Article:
But, eagles? They just don’t do this. So what’s Rashi talking about?

Maybe our translation of nesher is incorrect. There’s the opinion that a nesher is a vulture, but no vultures carry their young on their backs either, so what’s going on? With respect to previous generations in Torah thought, we are never so arrogant as to say that we have superior knowledge. The further we move away from the Sinai experience, the more humble we become regarding the Torah knowledge of previous generations. Rashi lived almost a thousand years ago, and was a giant of Torah. So the best we can do is humbly admit that we don’t understand this Rashi.

One possible answer is brought by Rabbi Slifkin, who explains that when an eagle is teaching its eaglets to fly, it throws them from the nest and dives below to catch them on its back, ensuring that it breaks their fall before it breaks their neck. Perhaps this is what Rashi witnessed and wanted to use to describe Hashem’s relationship with each one of us.

Not only did Hashem take us out of Egypt on the “wings of eagles”, and not only will we be taken to the land of Israel when Moshiach comes on the “wings of eagles”. But every single day, Hashem gentle nudges us out of our comfort zone and while we are flailing and wondering how we’ll cope, Hashem is ready to swoop down and catch us. It’s that fall that teaches us how to soar!

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Seeing the big, beautiful picture



This week’s fundraising campaign for Community Security Organisation Medical in Cape Town and Hatzolah in Johannesburg beautifully replaces our obsession with daily infection statistics, hospital occupancies, and rates of transmission with awareness of (and gratitude for) the number of lives saved, families cared for, and thousands vaccinated in protection against the virus.

However, once you’ve made your generous contribution, that nagging feeling comes back: how many deaths in our community this year? What are the global and local statistics of antisemitism and crime? How bad is emigration from South Africa? Are there any young people excited about future – or even present – Jewish life in South Africa?

How are the numbers?

Well, it depends on what you’re counting.

The short-term vision created by the numbers gives us valuable data that should inform our long-term planning and community development strategies to ensure that we mitigate against the possible consequences of those realities, and more critically, reverse those trends.

Built into our spiritual and collective national DNA however, is the ability to see, act upon, and live with the vision of a far greater picture.

What’s that vision?

“You are standing, today, all of you, before Hashem your G-d.” This is the message of the Shabbos before (and that blesses the week of) Rosh Hashanah.

Close to 1 000 years ago, Rashi unpacked for us in this verse a powerful message that speaks to us today, not only as a legacy from our ancestors three millennia ago, and more than just by virtue of our souls’ presence there. No. It’s way beyond that.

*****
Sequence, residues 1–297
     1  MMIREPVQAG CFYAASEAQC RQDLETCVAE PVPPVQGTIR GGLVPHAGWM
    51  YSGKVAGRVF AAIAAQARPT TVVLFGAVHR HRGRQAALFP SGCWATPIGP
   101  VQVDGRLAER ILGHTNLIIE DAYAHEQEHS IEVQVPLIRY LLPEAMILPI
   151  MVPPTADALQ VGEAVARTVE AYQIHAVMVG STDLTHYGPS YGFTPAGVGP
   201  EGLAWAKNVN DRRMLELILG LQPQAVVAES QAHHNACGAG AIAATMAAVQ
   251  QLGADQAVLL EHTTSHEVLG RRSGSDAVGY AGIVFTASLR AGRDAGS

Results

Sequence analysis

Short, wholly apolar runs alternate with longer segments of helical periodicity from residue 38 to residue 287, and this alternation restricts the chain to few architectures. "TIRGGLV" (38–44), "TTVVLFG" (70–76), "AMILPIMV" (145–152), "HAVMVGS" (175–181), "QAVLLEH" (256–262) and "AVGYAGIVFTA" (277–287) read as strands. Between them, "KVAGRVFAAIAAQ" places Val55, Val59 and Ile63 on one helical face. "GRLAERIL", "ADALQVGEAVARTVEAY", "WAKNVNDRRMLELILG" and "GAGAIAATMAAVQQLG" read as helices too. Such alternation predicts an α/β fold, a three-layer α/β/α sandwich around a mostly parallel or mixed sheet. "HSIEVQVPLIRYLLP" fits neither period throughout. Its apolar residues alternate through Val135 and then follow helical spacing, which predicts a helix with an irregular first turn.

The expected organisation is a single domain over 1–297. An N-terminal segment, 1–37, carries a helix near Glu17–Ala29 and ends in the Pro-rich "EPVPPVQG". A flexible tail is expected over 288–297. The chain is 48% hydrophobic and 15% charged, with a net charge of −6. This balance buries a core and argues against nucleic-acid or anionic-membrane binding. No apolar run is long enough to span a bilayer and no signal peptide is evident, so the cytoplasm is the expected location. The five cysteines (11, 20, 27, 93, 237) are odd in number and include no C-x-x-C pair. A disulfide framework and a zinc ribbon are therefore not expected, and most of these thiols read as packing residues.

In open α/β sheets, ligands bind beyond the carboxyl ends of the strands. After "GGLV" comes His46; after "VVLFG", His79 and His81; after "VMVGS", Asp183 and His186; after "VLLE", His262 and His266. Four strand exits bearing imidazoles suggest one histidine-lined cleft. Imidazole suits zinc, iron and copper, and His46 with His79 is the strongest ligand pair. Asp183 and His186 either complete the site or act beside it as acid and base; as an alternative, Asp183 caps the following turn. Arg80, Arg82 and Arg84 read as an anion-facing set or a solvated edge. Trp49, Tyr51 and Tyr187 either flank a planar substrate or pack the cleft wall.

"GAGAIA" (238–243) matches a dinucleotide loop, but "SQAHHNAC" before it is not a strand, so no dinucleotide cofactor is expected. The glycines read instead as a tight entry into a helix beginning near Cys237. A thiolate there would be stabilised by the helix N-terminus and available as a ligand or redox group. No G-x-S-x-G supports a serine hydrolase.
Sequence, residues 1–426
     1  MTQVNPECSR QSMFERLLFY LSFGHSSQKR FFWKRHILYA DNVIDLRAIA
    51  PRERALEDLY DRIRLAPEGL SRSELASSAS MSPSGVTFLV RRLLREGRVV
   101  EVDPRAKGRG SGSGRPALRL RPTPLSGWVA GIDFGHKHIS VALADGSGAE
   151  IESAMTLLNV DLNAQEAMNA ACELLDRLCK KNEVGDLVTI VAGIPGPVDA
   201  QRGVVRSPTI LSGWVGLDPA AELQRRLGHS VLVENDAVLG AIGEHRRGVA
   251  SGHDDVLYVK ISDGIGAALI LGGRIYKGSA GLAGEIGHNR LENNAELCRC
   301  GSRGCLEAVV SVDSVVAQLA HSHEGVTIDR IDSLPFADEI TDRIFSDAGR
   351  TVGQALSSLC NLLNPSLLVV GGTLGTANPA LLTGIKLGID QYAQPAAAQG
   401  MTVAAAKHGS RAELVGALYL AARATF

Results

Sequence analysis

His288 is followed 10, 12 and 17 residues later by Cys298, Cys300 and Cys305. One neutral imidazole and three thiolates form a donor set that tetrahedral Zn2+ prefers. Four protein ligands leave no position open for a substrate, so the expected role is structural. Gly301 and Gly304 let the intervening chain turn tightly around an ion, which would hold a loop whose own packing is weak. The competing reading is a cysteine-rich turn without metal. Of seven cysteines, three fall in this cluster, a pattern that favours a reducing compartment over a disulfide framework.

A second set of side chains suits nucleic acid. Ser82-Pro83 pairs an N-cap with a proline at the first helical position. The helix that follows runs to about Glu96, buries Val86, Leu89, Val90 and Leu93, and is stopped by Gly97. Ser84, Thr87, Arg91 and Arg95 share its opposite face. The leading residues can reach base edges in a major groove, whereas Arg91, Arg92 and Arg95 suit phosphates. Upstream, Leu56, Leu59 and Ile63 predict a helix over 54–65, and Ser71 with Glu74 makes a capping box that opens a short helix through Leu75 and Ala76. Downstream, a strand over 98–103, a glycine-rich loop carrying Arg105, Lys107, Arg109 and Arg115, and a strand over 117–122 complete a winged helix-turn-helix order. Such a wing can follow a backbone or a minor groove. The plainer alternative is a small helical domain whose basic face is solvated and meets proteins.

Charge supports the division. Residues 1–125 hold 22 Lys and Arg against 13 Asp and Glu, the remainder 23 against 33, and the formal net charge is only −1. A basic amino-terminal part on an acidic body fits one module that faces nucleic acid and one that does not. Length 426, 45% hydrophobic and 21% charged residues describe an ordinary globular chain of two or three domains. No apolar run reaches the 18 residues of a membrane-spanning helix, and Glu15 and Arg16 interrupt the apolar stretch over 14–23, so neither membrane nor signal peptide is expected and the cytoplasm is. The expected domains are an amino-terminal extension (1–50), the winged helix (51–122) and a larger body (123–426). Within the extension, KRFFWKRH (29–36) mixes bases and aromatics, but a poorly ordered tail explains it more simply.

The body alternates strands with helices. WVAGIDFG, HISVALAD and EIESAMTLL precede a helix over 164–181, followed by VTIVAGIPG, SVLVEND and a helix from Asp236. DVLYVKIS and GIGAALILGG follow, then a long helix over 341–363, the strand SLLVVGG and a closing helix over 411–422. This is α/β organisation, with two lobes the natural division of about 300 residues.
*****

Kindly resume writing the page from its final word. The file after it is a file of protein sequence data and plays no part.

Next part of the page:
Today, in September 2021, as you read this Torah article in the SA Jewish Report, you are standing, joined by the hundreds of millions of Jews in each and every generation before, the hundreds of thousands of our brethren who lived in South Africa, as well as every generation that’s yet to materialise – “before Hashem your G-d”.

“You are standing, today, all of you, before Hashem your G-d.”

When we live a life aligned to the infinite wisdom of Torah, the atomic power of each mitzvah, and the unconditional unity of our entire nation across the borders of times, space, and social class, then we can be confident in our future.

The numbers are great.

And we are assured of a sweet New Year with an abundance of revealed goodness for all of us.

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Prostrating before the King of King of Kings



There is a three-word phrase in our formal prayers that conveys the essence of Judaism.

Being such a powerful phrase, it features appropriately in every formal prayer service, as well as in the highpoint of the prayers of the high holidays.

The phrase forms part of the Aleinu prayer, composed by Joshua ben Nun upon entering the holy land. In the Aleinu prayer, we declare our indebtedness to G-d for having given us a unique relationship with Him, “and we bow, prostrate, and express our appreciation before Melech Malchei haMelachim, the Holy One, blessed be He”.

The phrase “Melech Malchai haMelachim”, which means “The King of King of Kings” contains the key to understanding what being Jewish is all about.

Who are these three sets of kings?

The first king is obvious. It’s G-d. G-d is the king of the universe – Melech haOlam as we refer to Him in all our formal blessings. The world is G-d’s. He has the power. He calls the shots. He is its king.

The second reference to kings must refer to a group of people who also have power, who also call the shots. But if G-d is king, how can that be? The answer must be that G-d is a very special king – a king that chooses to share his kingship and confer his royal power on others, empowering them to be rulers in their own right. G-d does call the shots. It’s just that one of the shots He calls is to call on people to call the shots too.

And the third reference to kings? Who else could possibly be king other than G-d and His human co-royal partners? The third set of kings must refer to people who are unable to see themselves as being crowned by G-d, but they are willing to be crowned by people. And so it becomes the responsibility of G-d’s royal partners to take a feather from G-d’s crown and use their own crowns to empower those people and coronate them as kings as well.

This is what it means to be Jewish. The Jew recognises that G-d is king of the world. In addition, he or she recognises that G-d conferred His royal powers on a people to be royal too – “a kingdom of priests”. And ultimately, it’s the responsibility of His Jewish royal priests to confer their royal powers onto others, to empower and elevate them to their own personal kingdoms, to play their own part in taking care of the world.

Melech Malchei haMelachim – the King of Kings of Kings. Quite possibly the most profound three Jewish words of all. And yet, there doesn’t seem to be a single official translation that translates them accurately. The message seems to have been lost in translation.

Our task over the high holidays in particular, and at every formal prayer service in general, is to correctly translate these three words, not only into English, but into our lives as well, and thereby accomplish our majestic mission as Jews.